• Chevron’s ‘net zero’ pledge—even if fully implemented to the greatest effect without causing harm—overlooks 90% of the total emissions associated with its business practices.
  • Chevron is ignoring the scientifically founded need for a fossil fuel phase out, projecting emissions for 2022-2025 equivalent to that of 10 European countries during a similar period.
  • It invests millions annually to manipulate the political will for climate action, seeking to shape climate policy to its will.

It’s imperative that shareholders, policymakers, and the public see Chevron’s green claims for what they are—greenwashed destruction. As this exposé illustrates, Chevron appears to be continuing its legacy of preventing, not promoting, the legally binding regulations, the rapid deployment of real solutions and the fast track to Real Zero emissions that needs to happen to avert climate catastrophe.

Download a copy of this publication here (link).

We Must Ask: Does Fossil Fuel Divestment Work?

By Ted Franklin - Common Dreams, April 4, 2023

As it hits its 10th year, the divestment movement claims many moral victories, yet fossil fuel companies keep booming and carbon keeps rising. Divestment fails to turn off the taps.

"After a decade of action, we are making a difference in the fight against climate change,"proclaims DivestInvest, the global divestment network. Dozens of leading climate organizations from 350.org to the World Council of Churches have enlisted as core partners or endorsers of DivestInvest.

According to DivestInvest's website, 1,585 institutions have publicly committed to "at least some form" of fossil fuel divestment, representing an enormous $39.2 trillion of assets under management.

"That's as if the two biggest economies in the world, the United States and China, combined, chose to divest from fossil fuels," the site goes on.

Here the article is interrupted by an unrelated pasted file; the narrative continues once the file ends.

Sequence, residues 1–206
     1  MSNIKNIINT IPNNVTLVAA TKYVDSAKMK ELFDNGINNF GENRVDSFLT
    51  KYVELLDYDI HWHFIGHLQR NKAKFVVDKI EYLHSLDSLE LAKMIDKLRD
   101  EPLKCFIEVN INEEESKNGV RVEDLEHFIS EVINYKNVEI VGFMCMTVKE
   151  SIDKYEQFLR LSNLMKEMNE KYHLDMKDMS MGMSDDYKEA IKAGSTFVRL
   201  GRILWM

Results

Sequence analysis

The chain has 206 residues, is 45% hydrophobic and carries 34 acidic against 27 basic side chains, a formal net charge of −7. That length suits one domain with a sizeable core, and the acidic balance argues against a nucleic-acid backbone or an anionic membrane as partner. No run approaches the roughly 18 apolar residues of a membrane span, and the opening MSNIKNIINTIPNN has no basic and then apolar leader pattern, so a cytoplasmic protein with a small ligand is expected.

DivestInvest's 2021 glossy prospectus intimates that, thanks to divestment, the fossil fuel industry has begun to collapse. At the very least, oil and gas moguls should be trembling with fear that divestment activists will soon force them to close their spigots and relinquish their financial and political power.

If only this were true.

The balance sheets of the fossil fuel companies say otherwise. Instead of the industry tailspin portrayed in DivestInvest's report, the fossil fuel giants are awash in record profits. In 2021, The Hillreports, "the four largest oil and gas companies made over $75 billion in profits, returned billions to their shareholders through record dividends and share buybacks, and handed out millions in compensation to their chief executive officers."

Certified Disaster: How Project Canary and Gas Certification Are Misleading Markets and Governments

By Collin Rees, Allie Rosenbluth, Valentina Stackl, et. al - Oil Change International, April 2023

This report examines the gas certification market, specifically one of the current industry leaders, Project Canary. We raise serious concerns about the integrity of gas certification and so-called “Responsibly Sourced Gas” (RSG). Our investigation, which included field observations of oil and gas wells in Colorado monitored by Project Canarya, exposed significant shortcomings in its operations and claims.

  • Project Canary monitors consistently fail to detect pollution events: Earthworks’ trained oil and gas thermographers captured alarming evidence of Project Canary monitors failing to detect emissions in the field. The seven-month survey found that Continuous Emissions Monitors (CEMs)b failed to capture every significant pollution event detected with Optical Gas Imaging (OGI) cameras. Our observations suggest that the company is misrepresenting the capabilities of its technology – a concern echoed in the testimony we gathered from several industry experts – and the underlying data behind certified gas.